“Your word is a lamp to my feet and a light to my path.” (Psalm 119:105)
God’s Word in the Bible, and the wonderful hope of salvation it describes, is a cornerstone of the Union Gospel Mission. It is the lamp of truth by which we can see where we’re going.
For our guests, as for anyone else who decides to follow Jesus, the journey of faith is not generally smooth, comfortable, sunny, straight and obvious. We need a trustworthy lamp in order to navigate it safely.
Recovery residents Rex and Heather both came to faith in Jesus before coming to UGM. But neither of them could handle the problems in their lives, external and internal, without the ongoing help of God’s Word and His people. That’s why He brought them, even against their inclination, to UGM.
“Sanctify them in the truth; Your word is truth.” (John 17:17)
Rex was spending 6 ½ years in prison, a consequence of the violence by which he coped with anger, when he met Jesus in 2001. “I knew I wanted to change my life and saw that God would be a big part of it, and I did change a lot of things.”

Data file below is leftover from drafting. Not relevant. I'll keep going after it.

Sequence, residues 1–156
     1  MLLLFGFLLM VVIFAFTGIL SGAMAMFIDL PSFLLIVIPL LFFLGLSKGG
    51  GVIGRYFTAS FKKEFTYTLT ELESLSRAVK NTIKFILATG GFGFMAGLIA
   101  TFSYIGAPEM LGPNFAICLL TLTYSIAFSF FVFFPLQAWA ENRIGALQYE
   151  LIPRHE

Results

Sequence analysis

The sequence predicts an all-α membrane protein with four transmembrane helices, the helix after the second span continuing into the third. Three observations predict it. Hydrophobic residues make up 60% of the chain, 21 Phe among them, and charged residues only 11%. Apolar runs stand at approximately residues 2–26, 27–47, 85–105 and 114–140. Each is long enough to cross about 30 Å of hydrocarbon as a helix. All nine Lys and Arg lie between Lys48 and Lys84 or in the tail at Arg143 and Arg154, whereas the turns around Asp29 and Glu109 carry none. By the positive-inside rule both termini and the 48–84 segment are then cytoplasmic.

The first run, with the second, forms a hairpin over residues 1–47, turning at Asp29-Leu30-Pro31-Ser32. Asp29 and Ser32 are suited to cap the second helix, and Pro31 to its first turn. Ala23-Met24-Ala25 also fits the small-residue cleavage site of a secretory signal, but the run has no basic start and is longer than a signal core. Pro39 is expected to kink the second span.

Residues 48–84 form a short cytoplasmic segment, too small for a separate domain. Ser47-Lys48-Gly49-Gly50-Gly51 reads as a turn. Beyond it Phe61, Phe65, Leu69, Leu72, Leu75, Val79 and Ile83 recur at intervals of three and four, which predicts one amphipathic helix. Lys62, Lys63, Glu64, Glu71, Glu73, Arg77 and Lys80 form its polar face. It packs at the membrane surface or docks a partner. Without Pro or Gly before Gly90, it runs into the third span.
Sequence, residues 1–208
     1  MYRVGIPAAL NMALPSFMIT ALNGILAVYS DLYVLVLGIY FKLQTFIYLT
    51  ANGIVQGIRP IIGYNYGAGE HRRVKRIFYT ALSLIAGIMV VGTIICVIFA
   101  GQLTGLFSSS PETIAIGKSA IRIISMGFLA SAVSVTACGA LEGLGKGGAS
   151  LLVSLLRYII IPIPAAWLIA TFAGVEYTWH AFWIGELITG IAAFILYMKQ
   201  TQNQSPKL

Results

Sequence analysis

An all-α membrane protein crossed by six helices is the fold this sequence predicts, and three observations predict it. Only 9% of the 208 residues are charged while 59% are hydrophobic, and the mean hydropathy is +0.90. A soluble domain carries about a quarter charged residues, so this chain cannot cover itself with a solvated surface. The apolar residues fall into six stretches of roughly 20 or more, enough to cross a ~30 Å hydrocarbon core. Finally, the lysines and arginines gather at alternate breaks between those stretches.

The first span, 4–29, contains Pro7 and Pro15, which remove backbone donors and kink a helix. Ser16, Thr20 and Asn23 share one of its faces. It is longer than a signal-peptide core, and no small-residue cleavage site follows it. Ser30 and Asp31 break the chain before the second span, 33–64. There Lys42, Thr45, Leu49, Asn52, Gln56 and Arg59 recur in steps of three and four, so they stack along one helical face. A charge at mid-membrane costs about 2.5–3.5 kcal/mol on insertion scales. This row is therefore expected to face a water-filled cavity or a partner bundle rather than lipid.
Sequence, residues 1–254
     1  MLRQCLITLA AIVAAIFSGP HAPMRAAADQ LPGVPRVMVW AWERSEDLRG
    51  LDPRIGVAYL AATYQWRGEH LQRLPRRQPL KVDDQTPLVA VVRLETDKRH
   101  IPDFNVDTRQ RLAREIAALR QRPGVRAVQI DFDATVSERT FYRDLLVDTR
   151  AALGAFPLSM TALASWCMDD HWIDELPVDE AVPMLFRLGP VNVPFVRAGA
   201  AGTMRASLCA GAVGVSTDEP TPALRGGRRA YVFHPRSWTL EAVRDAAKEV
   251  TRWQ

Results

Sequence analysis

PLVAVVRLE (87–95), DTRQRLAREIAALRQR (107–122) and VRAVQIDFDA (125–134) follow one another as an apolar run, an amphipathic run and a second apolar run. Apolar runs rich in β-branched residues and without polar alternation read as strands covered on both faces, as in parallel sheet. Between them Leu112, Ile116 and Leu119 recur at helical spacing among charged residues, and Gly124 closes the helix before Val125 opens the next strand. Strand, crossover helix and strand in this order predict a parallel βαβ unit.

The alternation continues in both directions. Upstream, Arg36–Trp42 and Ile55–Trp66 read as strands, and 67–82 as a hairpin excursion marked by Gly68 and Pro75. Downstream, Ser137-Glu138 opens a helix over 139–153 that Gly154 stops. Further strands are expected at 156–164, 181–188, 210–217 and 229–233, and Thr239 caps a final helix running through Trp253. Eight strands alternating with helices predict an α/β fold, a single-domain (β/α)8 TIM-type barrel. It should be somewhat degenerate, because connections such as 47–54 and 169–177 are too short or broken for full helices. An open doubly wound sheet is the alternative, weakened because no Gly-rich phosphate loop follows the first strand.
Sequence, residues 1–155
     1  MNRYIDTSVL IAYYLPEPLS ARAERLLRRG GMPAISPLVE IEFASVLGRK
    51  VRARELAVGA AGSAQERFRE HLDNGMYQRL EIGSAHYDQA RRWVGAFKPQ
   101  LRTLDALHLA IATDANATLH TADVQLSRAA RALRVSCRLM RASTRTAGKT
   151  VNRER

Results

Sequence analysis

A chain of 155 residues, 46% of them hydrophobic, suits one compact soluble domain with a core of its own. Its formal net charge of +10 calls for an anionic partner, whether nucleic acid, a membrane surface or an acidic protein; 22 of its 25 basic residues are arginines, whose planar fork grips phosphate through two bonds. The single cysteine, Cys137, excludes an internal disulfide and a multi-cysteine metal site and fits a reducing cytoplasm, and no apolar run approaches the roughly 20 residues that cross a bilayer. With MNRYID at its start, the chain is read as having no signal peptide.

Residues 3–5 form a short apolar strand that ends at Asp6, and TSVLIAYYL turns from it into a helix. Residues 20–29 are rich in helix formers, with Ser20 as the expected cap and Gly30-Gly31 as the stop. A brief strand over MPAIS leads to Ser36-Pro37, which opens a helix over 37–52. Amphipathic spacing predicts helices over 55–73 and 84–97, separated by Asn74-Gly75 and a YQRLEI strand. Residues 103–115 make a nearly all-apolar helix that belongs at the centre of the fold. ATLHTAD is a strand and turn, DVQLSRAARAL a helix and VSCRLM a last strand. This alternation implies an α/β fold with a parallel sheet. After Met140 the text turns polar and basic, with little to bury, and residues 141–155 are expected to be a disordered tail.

He put anger and violence behind him, for the most part. He tried every day to be a better person. But something wasn’t working.
“I still struggled with drugs and alcohol after getting out,” he says. “I gave my life to Jesus back then, but I didn’t know how to go about accomplishing that.”
He kept to himself. He only went to church once in a great while. He didn’t really read the Bible.
And for more than a decade, Rex cycled through a pattern: He’d get a job and try to stay sober, succeed for a few months or a couple years, relapse and run away. After each failure, he’d start again in a new place. “I’ve lived in probably every state in the West Coast and at least all the way up the Rockies.”